• Doctoral students also work with an array of clinical professionals and client populations at their external practicum placements. The settings for these placements include community outpatient clinics, hospitals, private practices, Veteran’s Administration settings, and the criminal justice system. Externships are located in the greater Hattiesburg area, as well as in Jackson, Biloxi, and New Orleans.
  • Students complete a one-year full-time APA-accredited predoctoral internship. In recent years, 100% of our students were placed at top ranked APA-accredited internship sites.

Graduate Assistantships are generally available for all students throughout their four-year training program (students completing predoctoral internship in the 5th year are paid through the internship site). Graduate assistantships support students by providing both a full tuition scholarship and a 9-12 month stipend. Graduate assistantships include teaching and research assistantships, and paid clinical externship positions in training sites throughout the area. Opportunities exist for undergraduate teaching.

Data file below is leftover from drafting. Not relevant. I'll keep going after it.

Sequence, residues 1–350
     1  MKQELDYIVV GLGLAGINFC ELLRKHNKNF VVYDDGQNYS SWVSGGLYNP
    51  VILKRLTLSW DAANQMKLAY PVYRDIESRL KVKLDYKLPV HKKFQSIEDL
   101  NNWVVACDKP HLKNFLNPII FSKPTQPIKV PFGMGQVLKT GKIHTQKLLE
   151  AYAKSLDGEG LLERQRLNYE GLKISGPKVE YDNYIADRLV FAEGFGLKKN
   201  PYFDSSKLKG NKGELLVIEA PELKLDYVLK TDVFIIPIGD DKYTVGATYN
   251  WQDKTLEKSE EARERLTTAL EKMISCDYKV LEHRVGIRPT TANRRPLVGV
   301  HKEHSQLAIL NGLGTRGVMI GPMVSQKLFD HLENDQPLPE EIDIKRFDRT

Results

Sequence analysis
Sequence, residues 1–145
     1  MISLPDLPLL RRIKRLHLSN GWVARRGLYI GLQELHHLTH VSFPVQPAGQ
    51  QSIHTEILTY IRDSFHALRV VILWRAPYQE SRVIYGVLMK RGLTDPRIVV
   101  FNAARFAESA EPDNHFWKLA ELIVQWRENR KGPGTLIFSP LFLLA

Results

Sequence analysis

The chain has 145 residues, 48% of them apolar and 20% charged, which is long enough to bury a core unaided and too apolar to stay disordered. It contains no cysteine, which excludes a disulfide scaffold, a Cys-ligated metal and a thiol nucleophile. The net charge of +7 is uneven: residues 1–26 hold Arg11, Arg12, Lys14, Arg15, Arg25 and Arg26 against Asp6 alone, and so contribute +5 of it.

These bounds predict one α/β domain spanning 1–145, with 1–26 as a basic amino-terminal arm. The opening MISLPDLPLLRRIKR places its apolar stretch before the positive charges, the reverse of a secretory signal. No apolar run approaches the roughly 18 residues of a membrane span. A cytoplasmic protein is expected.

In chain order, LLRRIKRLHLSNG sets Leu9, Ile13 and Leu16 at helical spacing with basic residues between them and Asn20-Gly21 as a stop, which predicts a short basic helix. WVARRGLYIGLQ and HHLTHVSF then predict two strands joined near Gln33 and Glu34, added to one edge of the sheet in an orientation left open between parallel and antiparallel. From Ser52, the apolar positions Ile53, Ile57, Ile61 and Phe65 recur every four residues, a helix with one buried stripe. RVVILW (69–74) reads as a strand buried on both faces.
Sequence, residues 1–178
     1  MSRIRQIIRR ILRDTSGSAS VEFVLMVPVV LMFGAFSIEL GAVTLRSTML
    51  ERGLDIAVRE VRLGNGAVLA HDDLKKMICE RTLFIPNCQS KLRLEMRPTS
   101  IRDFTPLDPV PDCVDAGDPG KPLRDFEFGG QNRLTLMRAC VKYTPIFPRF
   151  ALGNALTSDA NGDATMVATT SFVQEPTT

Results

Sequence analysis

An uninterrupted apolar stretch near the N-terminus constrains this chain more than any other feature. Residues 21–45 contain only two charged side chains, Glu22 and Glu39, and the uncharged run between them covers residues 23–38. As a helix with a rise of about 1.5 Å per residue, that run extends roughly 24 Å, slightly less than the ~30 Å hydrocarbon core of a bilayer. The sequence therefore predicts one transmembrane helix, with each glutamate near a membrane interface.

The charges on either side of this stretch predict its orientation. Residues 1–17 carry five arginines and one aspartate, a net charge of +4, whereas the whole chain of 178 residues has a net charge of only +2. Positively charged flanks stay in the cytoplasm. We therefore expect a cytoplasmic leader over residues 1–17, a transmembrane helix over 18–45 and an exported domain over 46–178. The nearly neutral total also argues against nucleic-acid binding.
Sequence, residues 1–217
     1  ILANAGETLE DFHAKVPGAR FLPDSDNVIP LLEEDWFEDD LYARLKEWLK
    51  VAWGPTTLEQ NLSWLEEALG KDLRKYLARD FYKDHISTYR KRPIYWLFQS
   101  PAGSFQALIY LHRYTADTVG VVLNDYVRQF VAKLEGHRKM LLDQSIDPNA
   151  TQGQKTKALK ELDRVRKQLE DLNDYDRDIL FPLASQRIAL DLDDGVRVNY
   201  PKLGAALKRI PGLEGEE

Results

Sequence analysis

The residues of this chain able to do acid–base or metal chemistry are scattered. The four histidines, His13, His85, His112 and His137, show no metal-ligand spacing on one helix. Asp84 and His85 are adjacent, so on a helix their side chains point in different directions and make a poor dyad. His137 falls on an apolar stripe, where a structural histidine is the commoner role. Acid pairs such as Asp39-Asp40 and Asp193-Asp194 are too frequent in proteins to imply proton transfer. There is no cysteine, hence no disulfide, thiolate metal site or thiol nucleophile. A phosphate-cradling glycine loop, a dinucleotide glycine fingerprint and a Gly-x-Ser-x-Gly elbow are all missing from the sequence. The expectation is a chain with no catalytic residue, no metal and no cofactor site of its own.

The Program Handbook is developed to assist current students with understanding Clinical Psychology program policies and procedures. Please be aware that this document is updated each year, however it may be a helpful resource for potential applicants. 

The deadline for receipt of all required admissions materials is December 1 for admission beginning the following Fall semester. Please note that this differs from the Graduate School. Late applications are not accepted. 

The School of Psychology does not require GRE. 

In addition to the standard graduate application, please submit the following:

  • Transcripts
  • 3 letters of recommendation: We prefer letters from faculty members familiar with your academic performance
  • CV
  • Personal Statement: Your personal statement should address the following (2-3 pages in length):

Describe personal and professional goals during and after graduate school and how this program will help you accomplish these.
Explicitly state your preference for the child or adult concentration area.
Describe your research interests and indicate why you represent a research match for one or more specific faculty members in the clinical program.